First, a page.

Towering over Cape Town’s Victoria and Alfred Waterfront, a clutch of abandoned grain silos has been transformed into Africa’s largest museum dedicated to the continent’s contemporary art.
With its honeycomb lattice windows reflecting the Atlantic Ocean and the city’s landmark Table Mountain, the audacious structure is home to the new Zeitz Museum of Contemporary Art Africa (MoCAA) which opens Friday.
Inside, visitors are greeted by a riotous assault of painted colour, including a portrait of deep greens, explosive reds and shocks of turquoise.
The artist, Athi-Patra Ruga, likes to think of the woman — called “Umesiyakazi (Queen) in Waiting”– as MoCAA’s patron saint.
“It’s a beautiful thing to see — to know that my nephews and nieces are gong to be coming through this space and calling me and speaking about my work,” said the artist, who describes his style as “the clash between material and memory”.
The journey to this week’s opening began over a decade ago. The owners of the V&A Waterfront, a popular tourist and shopping destination, sought inspiration from the London-based Heatherwick urban design studio on how to revive a forgotten corner of the harbour.
At stake was the future of a hulking grain elevator made up of 118 separate storage compartments that had long since fallen into disuse and filled with pigeon droppings.
After years of extensive remodelling, the silos themselves are now a piece of art, their bare concrete cylinders contrasting starkly with the geometric, glass-clad office blocks nearby.
– ‘Place I now call home’ –
On the top floors, the multi-panelled windows bulge out like insect eyes, reflecting a dozen different views of sky, city and sea.
In the museum’s main atrium hangs a dragon, its head a ram’s skull, its long tail trailing far below.
Like many pieces here, the dragon sculpture by South African artist Nicholas Hlobo is on long-term loan from Jochen Zeitz, a former chief executive of sportswear company Puma, who bought his first pieces as a young man living in New York.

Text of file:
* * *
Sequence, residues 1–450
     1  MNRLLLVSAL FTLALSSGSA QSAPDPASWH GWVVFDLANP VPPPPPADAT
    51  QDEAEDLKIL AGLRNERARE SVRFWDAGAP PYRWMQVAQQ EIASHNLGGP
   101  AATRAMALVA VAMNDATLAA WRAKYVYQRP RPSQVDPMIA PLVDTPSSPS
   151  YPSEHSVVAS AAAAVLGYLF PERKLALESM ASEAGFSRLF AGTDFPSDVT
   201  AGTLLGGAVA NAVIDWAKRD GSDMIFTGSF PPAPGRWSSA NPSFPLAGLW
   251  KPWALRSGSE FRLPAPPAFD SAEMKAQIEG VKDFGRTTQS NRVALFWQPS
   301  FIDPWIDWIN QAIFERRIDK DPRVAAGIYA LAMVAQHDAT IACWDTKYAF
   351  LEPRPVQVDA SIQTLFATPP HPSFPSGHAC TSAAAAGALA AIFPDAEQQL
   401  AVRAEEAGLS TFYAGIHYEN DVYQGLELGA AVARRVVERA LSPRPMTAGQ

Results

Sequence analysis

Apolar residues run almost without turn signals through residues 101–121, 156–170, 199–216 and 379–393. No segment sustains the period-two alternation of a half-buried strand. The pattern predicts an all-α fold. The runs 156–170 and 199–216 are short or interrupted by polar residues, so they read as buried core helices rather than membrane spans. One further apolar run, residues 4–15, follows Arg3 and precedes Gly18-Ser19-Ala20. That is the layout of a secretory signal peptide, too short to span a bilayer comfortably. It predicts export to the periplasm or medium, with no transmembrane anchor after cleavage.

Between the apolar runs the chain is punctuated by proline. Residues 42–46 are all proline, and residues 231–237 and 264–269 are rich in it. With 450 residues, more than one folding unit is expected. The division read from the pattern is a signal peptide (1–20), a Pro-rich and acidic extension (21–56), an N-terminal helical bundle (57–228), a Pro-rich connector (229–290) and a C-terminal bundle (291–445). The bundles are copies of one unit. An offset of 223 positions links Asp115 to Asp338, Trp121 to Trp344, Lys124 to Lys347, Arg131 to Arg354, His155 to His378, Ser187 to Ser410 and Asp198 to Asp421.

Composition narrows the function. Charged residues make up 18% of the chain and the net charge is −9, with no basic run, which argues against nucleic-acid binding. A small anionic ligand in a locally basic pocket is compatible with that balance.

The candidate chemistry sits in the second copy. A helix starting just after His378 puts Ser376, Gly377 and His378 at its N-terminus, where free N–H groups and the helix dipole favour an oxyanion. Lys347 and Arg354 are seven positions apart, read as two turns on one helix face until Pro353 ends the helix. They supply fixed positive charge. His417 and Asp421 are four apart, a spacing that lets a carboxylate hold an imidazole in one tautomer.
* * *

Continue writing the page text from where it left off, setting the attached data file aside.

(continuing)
“I never considered myself a collector — it was just art to surround myself with,” he said.
Once he began collecting in earnest, Zeitz sought out pieces representing the enormous diversity and creativity of Africa — and its diaspora.
“I came to Africa 30 years ago and fell in love with it. I wanted to give something back to the place I now call home,” he said.
Among the influential pieces in Zeitz’s collection now returned to African soil is the work by Angolan photographer Edson Chagas, whose installation at the Venice Biennale in 2013 won him the Golden Lion prize and worldwide recognition.
Now housed in the tunnels of the gallery’s basement level, the work invites visitors to take home one of its thousands of images, which chief curator Mark Coetzee describes as an act of “great generosity”.
“That piece then starts to exist in the community around us,” he said.
– ‘I think we’ve arrived’ –
Gabon’s Owanto, who uses a wide range of media including light-boxes, paint and video, said the opening of the new space had left her “full of emotion”.
“It’s quite amazing to think all the artists of Africa will have such an amazing place to speak,” said the artist, who goes by just one name.
Making the space accessible to locals was also a priority for the project, one of the most significant new African cultural spaces in decades.
Entrance to the museum will be free for African passport holders every Wednesday.
“Because of the history of apartheid, most of our public museums in this country were not accessed by most people,” Coetzee said.
“For us as an institution it’s very important to empower not only the voice and the narrative coming out of Africa, but also the audience — so they can actually see their own cultural production and develop a sense of pride in the production of the artists that are representing them.”
But the choice to house the museum in Cape Town, a city criticised as less African than continental powerhouses like Lagos and Nairobi, has drawn some criticism.
Forced removals of non-whites during apartheid and modern-day gentrification have compounded the perception that the city caters more to wealthy tourists than its own residents.
“What is important is that we are here now,” said South African multi-disciplinary artist Thania Petersen.
“The only way to change things is by being present in these spaces. I think we’ve arrived.”